Technology in the Latin Classroom

Getting Started with Pear Deck

Pear Deck is one of my favorite technology tools right now. I have presented about it multiple times to other teachers (see my CV page and scroll to Professional Presentations), and, if I can brag a little about myself, I am one of the “go-to” people at work for tips on how to use and troubleshoot the site.

If you’ve been hearing about Pear Deck but don’t really know what it is, this post is for you! If you’re already using Pear Deck and would like some ideas about how to take it to the next level, the next post will be for you. 🙂

  • What is Pear Deck?
    • I explain it this way: Pear Deck is a web-based tool that allows you to make presentations (or almost any other file) interactive. Now, if you’re thinking…
      • “This sure does sound like a way to put lipstick on a pig (i.e. dress up a lecture)”: First of all, I think there is a time and place for a good lecture (a good lecture), even one with limited audience interaction. And if you are looking for a way to get audience interaction with a lecture, Pear Deck can definitely help you do that. But Pear Deck is not just for lecturing, so please stay with me here!
      • “Another piece of technology to learn? Great…”: Pear Deck is simple to use. If you have pre-made PowerPoints or Google Slides presentations, you have done 95% of the work.
    • Before you read further, please know that I have the premium version of Pear Deck, and almost everything I am referring to involves using the premium version. The good news: there’s a 30-day free trial of the premium version, so you can try it out without the commitment.
  • Interactive… how, exactly?
    • Pear Deck lets you take a slide in a Google Slide presentation and make it so that students can respond to it in one of 5 ways:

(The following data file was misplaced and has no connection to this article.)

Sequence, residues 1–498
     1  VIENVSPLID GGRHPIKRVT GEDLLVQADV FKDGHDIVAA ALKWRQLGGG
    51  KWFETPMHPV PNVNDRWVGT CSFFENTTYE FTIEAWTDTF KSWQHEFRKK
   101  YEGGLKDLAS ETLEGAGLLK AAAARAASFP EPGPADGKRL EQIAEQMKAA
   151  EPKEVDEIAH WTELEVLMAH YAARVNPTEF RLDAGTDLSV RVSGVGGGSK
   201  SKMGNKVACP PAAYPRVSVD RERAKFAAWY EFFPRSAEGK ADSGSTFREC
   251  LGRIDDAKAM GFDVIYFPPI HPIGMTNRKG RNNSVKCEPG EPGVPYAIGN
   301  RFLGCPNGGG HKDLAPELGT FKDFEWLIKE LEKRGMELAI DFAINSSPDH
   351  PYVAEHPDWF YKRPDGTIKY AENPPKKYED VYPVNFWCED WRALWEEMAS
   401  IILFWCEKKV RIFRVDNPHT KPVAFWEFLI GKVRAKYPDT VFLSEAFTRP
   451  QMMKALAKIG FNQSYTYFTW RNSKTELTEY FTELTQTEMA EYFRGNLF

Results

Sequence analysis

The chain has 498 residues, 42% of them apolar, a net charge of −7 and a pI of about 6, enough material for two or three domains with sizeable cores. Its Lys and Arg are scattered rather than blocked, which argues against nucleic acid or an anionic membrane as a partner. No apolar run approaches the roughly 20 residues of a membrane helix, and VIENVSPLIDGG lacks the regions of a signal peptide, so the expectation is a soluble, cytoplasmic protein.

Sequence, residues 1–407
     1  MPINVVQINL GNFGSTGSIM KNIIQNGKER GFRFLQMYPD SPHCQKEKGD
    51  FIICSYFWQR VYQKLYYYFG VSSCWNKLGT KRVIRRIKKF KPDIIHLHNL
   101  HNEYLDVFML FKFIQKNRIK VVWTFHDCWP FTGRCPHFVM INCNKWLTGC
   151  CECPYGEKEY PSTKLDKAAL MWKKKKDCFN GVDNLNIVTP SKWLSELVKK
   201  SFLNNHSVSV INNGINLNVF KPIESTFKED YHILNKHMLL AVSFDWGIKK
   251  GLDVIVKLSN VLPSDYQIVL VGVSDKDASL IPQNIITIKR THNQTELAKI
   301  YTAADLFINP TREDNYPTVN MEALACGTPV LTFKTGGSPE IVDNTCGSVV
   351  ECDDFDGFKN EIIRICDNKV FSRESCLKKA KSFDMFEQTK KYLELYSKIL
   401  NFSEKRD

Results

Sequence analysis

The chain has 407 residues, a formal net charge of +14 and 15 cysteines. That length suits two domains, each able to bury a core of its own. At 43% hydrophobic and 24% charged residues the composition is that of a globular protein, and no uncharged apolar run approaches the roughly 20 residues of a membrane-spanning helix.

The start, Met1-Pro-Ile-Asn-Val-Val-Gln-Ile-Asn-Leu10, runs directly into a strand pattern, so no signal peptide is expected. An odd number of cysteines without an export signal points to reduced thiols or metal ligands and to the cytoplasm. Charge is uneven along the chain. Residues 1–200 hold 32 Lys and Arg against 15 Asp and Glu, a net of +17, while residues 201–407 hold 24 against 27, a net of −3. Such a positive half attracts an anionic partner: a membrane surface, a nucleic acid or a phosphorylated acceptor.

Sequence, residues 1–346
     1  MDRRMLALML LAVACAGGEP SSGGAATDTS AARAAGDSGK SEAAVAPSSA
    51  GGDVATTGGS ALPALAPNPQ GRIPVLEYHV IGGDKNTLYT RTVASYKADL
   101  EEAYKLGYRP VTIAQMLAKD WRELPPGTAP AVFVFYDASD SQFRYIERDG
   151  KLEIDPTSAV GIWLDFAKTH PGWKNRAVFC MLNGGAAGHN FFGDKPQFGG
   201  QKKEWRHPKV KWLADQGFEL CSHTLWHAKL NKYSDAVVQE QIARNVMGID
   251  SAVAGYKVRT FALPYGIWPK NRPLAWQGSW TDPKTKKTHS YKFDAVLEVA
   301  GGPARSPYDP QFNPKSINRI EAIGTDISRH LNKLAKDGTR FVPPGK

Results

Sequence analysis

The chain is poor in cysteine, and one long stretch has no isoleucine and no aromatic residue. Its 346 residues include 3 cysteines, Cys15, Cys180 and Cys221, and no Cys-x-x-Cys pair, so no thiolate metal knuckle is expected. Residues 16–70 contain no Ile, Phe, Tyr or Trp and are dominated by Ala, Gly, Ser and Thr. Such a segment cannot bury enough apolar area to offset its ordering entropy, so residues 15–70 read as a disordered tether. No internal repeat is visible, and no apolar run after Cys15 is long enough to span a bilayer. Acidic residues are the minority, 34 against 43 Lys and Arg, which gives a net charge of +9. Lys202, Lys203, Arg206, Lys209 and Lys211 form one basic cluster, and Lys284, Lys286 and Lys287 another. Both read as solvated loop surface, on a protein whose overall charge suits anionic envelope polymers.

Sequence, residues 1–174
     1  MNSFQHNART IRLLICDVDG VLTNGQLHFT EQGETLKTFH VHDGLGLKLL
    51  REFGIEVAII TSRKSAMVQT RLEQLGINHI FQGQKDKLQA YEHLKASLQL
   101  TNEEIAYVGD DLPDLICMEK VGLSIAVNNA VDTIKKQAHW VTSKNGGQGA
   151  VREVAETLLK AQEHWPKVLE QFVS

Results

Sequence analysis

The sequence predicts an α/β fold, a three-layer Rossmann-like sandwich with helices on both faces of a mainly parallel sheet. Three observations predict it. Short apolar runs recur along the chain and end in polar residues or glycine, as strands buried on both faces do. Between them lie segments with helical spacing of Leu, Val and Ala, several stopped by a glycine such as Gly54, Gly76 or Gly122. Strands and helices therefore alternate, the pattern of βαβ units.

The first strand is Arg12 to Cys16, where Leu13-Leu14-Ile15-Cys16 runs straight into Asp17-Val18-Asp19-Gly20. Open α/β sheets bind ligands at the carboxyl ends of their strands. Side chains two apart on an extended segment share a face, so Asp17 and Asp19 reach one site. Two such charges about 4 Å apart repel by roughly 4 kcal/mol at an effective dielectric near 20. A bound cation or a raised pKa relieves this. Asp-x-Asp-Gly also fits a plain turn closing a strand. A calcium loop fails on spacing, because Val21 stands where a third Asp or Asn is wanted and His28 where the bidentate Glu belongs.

• Text: students respond by typing their answer. When you project their answers, students see everyone’s responses.
      • Choice: students respond by choosing one multiple-choice answer. When you project their answers, students see how many people chose each choice.
      • Number: students respond by typing a number. I’ve actually never had occasion to use the “number” response, but I’m guessing when you project it, it works like the “text” responses (projects everyone’s).
      • Draw: students respond by drawing on the slide. This works even if they are using a laptop and not a tablet – it’s kind of like using MS Paint. When you project their answers, students see everyone’s drawings.
      • Draggable: students respond by dragging any number of icons you choose around the slide. When you project their answers, students see everyone’s icons overlaid on top of one another, which makes this really useful for having discussions or doing anticipation guide-style activities. Here’s an example of something I did with my Latin II CP class (I stole the presentation from Keith Toda):mavis habitare .png
  • Why would I want to start using it in my classroom?
    • Here are my two selling points when I present about Pear Deck: 1) you can project all students’ answers at the same time and 2) those answers stay anonymous when presented to the whole class. 
    • Here are three of my students’ answers about why they like Pear Deck:Pear Deck for Archdiocesan In-Service February 16 2018.pngPear Deck for Archdiocesan In-Service February 16 2018 (1).pngPear Deck for Archdiocesan In-Service February 16 2018 (2).png
  • Okay, so what does it look like? Can you walk me through a presentation? 
    • Well… I did just record a 20-minute screencast walking you through a presentation, but Screencastify is so frustrating sometimes. The audio ended up being distorted, but if you want to suffer through the choppiness, here’s the link. So I will hopefully record another version of it at some point, but in the meantime, here is a Google Slides presentation I made for a story from CLC Unit 1 using Pear Deck. This shows you the kinds of questions I ask using Pear Deck.
  • How do I make one?
    • See my tutorials page for a very short tutorial on how to use the add-on for Google Slides. This is how I (personally) think that everyone should be using Pear Deck, as opposed to the standalone Pear Deck website/presentation creator. The add-on is incredibly easy to use and works with existing Google Slides presentations – you can also upload PowerPoints to Google Drive so you can use the add-on with those files, too.

That’s about it for starting out. Let me know what questions you have!

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